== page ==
Haley Barbour is in hot water for saying nice things about a pro-segregation group he knew in his hometown in the 1960s. The Citizens Council wasn't as bad as the Ku Klux Klan, Barbour said, apparently not adding that it was very bad because it was anti-black. (Barbour has since called the council and segregation "indefensible.") What the Mississippi governor said is damaging, but it's not disqualifying for a potential presidential bid.
The scandal is missing four elements that help kill political careers.
First, there's no audio or video of Barbour's remark. Print quotes don't carry the same punch that words do when you hear or see someone saying them. For example, Rev. Jeremiah Wright's fiery comments first surfaced in the national press in a February 2007 Rolling Stone profile of Barack Obama, but it wasn't until March 2008 that America came to know Wright and Obama was forced to make a major speech on race. What changed? Video of Wright emerged saying much the same that he did in Rolling Stone story.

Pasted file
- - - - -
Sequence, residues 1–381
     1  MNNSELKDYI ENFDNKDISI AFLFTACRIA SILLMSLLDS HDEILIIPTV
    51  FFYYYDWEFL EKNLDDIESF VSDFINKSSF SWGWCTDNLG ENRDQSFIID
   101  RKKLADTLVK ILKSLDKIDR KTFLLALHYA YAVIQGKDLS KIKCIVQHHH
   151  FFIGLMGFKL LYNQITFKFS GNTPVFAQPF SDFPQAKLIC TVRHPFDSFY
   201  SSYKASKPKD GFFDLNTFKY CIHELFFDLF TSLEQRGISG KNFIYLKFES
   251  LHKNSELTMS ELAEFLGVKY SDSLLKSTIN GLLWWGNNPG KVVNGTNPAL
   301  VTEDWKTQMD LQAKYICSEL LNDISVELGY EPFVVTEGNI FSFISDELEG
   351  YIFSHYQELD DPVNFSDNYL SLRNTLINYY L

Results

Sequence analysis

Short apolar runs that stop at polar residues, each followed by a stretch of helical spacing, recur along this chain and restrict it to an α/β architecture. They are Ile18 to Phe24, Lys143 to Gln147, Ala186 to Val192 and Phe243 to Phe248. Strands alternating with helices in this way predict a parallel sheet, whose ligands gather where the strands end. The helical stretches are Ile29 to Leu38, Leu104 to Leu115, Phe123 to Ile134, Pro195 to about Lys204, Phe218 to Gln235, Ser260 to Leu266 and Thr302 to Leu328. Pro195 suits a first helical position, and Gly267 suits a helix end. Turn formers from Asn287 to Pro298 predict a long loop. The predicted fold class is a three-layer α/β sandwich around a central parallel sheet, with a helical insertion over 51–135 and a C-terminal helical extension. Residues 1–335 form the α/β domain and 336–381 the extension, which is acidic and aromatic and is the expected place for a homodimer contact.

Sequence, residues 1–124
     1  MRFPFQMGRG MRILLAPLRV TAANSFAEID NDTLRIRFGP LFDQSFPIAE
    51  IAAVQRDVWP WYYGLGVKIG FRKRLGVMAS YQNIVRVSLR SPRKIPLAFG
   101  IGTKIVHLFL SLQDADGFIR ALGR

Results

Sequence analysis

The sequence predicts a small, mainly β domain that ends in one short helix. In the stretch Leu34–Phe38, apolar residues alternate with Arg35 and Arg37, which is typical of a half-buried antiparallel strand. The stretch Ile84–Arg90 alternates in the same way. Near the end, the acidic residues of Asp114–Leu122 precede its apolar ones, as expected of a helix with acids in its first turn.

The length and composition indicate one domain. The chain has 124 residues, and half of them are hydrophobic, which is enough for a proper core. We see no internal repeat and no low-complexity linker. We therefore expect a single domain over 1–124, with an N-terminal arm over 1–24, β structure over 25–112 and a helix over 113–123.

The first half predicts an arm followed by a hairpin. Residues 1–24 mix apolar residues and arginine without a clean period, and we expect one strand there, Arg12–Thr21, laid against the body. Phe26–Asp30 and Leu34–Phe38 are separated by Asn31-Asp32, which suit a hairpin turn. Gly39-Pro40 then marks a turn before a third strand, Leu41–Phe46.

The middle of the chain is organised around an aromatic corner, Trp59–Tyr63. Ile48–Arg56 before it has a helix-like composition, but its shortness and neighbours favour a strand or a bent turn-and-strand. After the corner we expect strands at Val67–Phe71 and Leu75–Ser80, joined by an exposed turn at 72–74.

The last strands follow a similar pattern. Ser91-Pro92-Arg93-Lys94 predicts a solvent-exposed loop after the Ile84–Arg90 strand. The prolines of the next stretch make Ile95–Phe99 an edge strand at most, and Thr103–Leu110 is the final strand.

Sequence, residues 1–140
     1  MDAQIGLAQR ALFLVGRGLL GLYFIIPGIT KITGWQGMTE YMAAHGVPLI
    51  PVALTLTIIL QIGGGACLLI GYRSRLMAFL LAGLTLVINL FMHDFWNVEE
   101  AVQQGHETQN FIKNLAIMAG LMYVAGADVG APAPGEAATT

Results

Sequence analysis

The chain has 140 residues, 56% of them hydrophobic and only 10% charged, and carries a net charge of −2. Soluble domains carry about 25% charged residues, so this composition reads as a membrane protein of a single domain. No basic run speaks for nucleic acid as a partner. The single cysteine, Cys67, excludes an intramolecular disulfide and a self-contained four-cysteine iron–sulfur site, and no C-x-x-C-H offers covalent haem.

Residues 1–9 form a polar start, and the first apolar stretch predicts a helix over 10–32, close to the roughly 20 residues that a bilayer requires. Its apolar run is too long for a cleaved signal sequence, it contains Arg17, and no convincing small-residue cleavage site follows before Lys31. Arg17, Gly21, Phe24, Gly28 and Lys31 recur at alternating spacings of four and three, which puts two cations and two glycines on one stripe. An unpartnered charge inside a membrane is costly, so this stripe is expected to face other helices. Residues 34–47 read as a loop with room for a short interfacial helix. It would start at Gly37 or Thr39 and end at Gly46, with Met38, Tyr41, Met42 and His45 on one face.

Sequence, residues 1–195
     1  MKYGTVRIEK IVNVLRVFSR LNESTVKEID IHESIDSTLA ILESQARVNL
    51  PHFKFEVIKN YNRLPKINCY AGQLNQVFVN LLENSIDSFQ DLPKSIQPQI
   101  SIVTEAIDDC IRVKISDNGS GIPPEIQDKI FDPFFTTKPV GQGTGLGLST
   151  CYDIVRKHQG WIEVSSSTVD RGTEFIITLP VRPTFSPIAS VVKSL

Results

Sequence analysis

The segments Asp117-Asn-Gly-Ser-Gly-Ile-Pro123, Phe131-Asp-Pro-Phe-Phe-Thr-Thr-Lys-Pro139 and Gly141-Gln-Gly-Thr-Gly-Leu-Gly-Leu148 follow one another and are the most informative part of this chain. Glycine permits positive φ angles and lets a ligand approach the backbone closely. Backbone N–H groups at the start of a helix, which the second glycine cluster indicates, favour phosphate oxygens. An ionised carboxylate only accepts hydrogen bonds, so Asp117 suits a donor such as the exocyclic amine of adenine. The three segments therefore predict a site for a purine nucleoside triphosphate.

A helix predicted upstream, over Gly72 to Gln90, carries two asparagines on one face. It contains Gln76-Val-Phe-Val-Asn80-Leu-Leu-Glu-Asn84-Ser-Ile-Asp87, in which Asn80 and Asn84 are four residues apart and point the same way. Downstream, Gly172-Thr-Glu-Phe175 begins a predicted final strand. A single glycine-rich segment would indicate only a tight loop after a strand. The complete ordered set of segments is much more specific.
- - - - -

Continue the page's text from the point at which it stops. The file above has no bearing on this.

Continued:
Second, the scandal isn't timely. Simply put: Barbour made his gaffe before possibly announcing he'll run for president, well before the GOP primary season, and literally years before the general election. Time will help voters forget about this ugly event and let Barbour reintroduce himself.